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Locus menace to affect food security in the Horn of Africa
Africa

Locus menace to affect food security in the Horn of Africa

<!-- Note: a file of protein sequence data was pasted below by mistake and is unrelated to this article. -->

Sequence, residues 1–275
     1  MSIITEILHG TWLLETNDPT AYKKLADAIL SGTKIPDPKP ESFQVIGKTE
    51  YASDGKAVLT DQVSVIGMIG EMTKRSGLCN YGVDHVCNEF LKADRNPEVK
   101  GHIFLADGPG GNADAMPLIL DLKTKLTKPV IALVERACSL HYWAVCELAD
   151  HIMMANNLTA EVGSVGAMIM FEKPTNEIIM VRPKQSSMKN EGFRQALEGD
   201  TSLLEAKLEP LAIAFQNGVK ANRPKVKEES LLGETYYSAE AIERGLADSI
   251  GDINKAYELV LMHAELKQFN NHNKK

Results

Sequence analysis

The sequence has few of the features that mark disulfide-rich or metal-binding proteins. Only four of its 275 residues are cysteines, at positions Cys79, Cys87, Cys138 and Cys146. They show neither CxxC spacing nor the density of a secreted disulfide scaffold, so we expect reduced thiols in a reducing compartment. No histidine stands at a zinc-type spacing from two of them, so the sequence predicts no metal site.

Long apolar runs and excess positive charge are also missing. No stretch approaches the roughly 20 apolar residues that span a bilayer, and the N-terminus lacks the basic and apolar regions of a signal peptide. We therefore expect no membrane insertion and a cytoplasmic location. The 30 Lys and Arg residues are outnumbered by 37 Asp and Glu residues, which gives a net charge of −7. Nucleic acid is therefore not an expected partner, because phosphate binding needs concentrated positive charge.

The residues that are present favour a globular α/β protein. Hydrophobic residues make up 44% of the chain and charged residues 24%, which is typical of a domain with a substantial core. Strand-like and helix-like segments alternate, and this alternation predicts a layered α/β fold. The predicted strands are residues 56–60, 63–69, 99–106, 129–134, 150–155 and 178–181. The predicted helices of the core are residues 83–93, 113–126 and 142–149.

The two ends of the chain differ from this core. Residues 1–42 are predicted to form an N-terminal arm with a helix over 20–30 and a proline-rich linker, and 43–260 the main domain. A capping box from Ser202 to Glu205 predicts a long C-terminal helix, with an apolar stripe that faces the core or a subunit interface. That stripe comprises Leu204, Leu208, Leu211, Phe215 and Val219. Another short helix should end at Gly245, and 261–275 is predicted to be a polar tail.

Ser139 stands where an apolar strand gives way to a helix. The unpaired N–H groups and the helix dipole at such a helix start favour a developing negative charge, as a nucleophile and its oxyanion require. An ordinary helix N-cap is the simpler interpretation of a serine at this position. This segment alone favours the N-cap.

The worst desert locust outbreak in decades is underway in the Greater Horn of Africa, where tens of thousands of hectares of cropland and pasture have been damaged in Ethiopia, Kenya and Somalia with potentially severe consequences for agriculture-based livelihoods in contexts where food security is already fragile. Highly mobile and capable of stripping an area’s vegetation, swarming locusts can cause large-scale agricultural and environmental damage. Even a very small locust swarm can eat the same amount of food in one day as about 35 000 people. This can be especially devastating in countries facing food security crises, where every gram of food produced counts towards alleviating hunger. In addition to the 11.9 million people already experiencing severe acute food insecurity in the three countries, the desert locust crisis poses a potential threat to the food security of another 20.1 million people (Integrated Food Security Phase Classification [IPC] Phase 2). Intensive ground and aerial control operations are urgently needed (in addition to diligent surveillance) in order to detect and reduce locust populations, prevent more swarms from forming and avoid the spread to even more vulnerable areas, such as South Sudan. If locust swarms continue unhindered, this will have serious implications on crop production in the upcoming main season across the entire region. Efforts must also be made to protect the livelihoods of farmers and livestock holders – ensuring they have the inputs they need to restart production and have access to much-needed cash to meet their immediate food needs. It is also critical to ensure that if damage is done to crops and pastures, anticipatory actions can be undertaken to safeguard livelihoods and promote early recovery at the scale needed. The Food and Agriculture Organization of the United Nations (FAO) urgently requires USD 70 million to support rapid control actions and take measures to prevent a deterioration in the food security situation and protect livelihoods. Crisis overview Current situation Despite control efforts, a serious and widespread desert locust outbreak is threatening crops and pasture across Ethiopia, Somalia and Kenya. According to experts in the region, this is the worst outbreak in over 25 years in Ethiopia and Somalia and the worst observed in over 70 years in Kenya. The situation has rapidly deteriorated in January as weather conditions have been unusually conducive to the spread of the pest. After Cyclone Pawan made landfall in early December 2019, flooding across the Horn of Africa created favourable breeding conditions for desert locust. These conditions will allow breeding until June 2020 and could lead to 500 times more locusts, with the formation of large numbers of swarms. The desert locust is considered the most destructive migratory pest in the world as it is highly mobile and feeds on large quantities of any kind of green vegetation, including crops, pasture and fodder. A typical swarm can be made up of 150 million locusts per square kilometer and is carried on the wind, up to 150 km in one day. Even a very small, 1 km2 locust swarm can eat the same amount of food in one day as about 35 000 people. A single large swarm in Kenya was recorded with an area of 60 km by 40 km; a swarm of that size can consume the equivalent amount of kilocalories in one day as millions of people. This can be especially devastating in areas where food security is poor and, where every gram of food produced counts towards minimizing gaps in a family’s food consumption. The desert locust represents an unprecedented threat to food security and livelihoods in the region and has the potential to become a regional plague that could lead to further suffering, displacement and potential conflict. Unless sustained measures are taken to control the invasions in Ethiopia, Kenya and Somalia, the pest will spread to other East African countries, in particular South Sudan and Uganda. Ethiopia